Santa Clara County Supervisor Joe Simitian recently advised the county to keep a closer watch on the activities of the controversial Lehigh Southwest Cement Co. quarry south of Los Altos and Los Altos Hills.
“My conversations with community members, public officials, county planning staff and representatives of Lehigh, in addition to my own research and history with this facility, lead me to believe that it would be in everybody’s interest if the county asserted its oversight role more fully,” Simitian said in a memo last month to County Executive Jeffrey Smith.
Simitian, who represents District 5 – which includes Los Altos, Los Altos Hills and Mountain View – has proposed monthly site visits by county staff. Historically, annual visits were mandated, but last year the visits were upped to quarterly.
“I have been struck during this past year by the very different perspectives of concerned community members and representatives of the Lehigh facility,” Simitian noted in the memo. “Lehigh representatives continue to assert exemplary performance. On the other hand, a significant segment of the community and a number of locally elected officials are skeptical at best. It seems to me that the basic compliance questions – what is or isn’t happening on site – should be easy enough to answer.”
The former Kaiser Permanente facility, located on 3,500 acres in the unincorporated county area south of Los Altos and Los Altos Hills and west of Cupertino, has been mining limestone and making cement since 1939. The process is environmentally hazardous, requiring Lehigh to answer to several regulatory agencies, including the Bay Area Air Quality Management District, the San Francisco Regional Water Quality Control Board and the state Office of Mine Reclamation. The U.S. Environmental Protection Agency mandates limits on the plant’s emissions.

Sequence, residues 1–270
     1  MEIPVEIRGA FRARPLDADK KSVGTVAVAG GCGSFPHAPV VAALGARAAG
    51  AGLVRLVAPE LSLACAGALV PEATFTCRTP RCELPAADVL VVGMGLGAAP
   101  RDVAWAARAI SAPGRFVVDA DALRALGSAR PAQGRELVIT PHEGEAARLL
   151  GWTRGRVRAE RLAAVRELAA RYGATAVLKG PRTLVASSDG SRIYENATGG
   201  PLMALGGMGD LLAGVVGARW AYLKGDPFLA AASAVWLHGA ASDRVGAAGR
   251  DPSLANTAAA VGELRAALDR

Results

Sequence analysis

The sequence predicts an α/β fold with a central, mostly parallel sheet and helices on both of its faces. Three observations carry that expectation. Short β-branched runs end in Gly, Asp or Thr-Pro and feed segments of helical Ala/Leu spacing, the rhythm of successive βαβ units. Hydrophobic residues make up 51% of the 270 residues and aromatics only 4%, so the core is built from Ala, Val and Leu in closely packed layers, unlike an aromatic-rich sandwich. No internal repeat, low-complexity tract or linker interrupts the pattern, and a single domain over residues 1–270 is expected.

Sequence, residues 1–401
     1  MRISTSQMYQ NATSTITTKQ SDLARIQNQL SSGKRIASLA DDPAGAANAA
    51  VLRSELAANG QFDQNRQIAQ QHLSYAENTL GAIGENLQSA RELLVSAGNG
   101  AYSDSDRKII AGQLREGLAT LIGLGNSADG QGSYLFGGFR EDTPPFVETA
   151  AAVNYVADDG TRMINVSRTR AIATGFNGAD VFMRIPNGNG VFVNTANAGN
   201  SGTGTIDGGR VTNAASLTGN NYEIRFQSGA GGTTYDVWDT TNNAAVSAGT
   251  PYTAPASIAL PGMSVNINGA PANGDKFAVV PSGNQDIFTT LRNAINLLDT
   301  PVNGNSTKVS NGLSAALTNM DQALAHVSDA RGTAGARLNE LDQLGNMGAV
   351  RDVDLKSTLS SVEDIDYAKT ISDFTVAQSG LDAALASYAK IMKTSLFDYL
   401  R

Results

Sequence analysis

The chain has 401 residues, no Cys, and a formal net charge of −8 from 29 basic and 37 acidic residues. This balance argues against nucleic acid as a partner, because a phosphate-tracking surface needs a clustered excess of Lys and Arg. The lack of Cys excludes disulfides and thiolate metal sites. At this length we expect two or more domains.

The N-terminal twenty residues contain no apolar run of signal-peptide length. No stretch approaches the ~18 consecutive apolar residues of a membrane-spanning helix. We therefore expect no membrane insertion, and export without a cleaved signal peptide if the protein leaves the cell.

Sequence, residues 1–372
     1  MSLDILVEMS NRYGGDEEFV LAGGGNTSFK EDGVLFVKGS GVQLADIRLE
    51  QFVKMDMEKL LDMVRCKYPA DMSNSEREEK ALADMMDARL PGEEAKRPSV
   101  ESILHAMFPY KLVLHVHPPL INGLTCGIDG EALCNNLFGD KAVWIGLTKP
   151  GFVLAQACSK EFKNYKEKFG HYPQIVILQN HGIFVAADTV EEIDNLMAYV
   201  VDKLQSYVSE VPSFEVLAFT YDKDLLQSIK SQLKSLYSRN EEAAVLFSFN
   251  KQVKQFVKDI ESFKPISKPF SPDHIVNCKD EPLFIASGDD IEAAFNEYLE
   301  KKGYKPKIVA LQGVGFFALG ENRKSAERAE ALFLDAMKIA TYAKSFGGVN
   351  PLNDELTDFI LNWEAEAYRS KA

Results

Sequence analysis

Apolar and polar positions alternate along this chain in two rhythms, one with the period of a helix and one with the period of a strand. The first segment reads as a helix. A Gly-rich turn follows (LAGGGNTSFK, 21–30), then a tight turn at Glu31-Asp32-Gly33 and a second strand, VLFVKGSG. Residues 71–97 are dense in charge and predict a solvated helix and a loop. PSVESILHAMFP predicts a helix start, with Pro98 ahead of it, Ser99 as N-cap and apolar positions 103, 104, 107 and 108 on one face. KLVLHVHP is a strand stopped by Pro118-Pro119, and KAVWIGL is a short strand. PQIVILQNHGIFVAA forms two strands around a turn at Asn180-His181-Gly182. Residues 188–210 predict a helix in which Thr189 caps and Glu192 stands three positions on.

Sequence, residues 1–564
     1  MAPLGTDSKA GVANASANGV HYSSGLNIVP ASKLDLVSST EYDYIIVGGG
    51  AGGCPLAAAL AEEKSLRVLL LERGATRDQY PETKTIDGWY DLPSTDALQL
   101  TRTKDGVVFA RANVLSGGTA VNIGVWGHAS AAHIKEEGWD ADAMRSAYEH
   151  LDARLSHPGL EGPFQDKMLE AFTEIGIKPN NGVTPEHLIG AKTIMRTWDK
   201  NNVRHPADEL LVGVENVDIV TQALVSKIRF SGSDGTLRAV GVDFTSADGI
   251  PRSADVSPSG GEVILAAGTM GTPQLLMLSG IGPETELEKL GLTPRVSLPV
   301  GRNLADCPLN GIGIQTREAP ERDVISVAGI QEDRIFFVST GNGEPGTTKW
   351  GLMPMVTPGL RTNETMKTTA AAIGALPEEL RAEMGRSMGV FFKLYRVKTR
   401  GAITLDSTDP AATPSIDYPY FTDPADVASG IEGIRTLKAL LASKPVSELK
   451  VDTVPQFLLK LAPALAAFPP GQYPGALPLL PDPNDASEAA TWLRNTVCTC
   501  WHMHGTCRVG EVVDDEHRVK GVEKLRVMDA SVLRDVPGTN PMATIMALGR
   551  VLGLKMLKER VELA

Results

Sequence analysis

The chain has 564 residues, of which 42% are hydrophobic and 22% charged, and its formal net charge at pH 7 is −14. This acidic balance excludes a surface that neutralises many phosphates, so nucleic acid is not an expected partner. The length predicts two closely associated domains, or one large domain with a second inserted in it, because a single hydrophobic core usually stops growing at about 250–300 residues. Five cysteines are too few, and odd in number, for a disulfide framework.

Reassuring the public
The number of regulators presents a problem, Simitian said, because “the left hand and the right hand aren’t well coordinated.” He suggested that representatives from all the regulatory boards meet twice a year to “give the public some reassurance that the various regulatory bodies are in regular conversation.”
“I have two goals here. One is substantive – that they do what they’re supposed to do,” Simitian told the Town Crier, adding that the second goal, more frequent and coordinated visits, would offer “assurances to the public.”
Smith agreed to implement Simitian’s request – the other supervisors do not have to approve the proposal.
“The cost should be modest and fully recoverable from Lehigh,” Simitian said. “To my knowledge, Lehigh has not indicated any objection to covering the costs of such site visits.”
“If Joe wants to arrange those meetings, we’re happy to oblige,” Lehigh spokesman Jay Reed said. “We’re happy to pick up those costs.”
The latest action underlines the volatility of the relationship between the working quarry and the residential homes that surround it. Lehigh officials said they have minimized environmental impacts as much as possible while continuing to contribute the lion’s share of cement for structures around the Bay Area.
Opponents range from those who claim Lehigh could do more to those who want nothing less than the plant shut down. The 2012 county approval of Lehigh’s reclamation plan amendment ensures that the quarry is certified to operate at least another 25 years.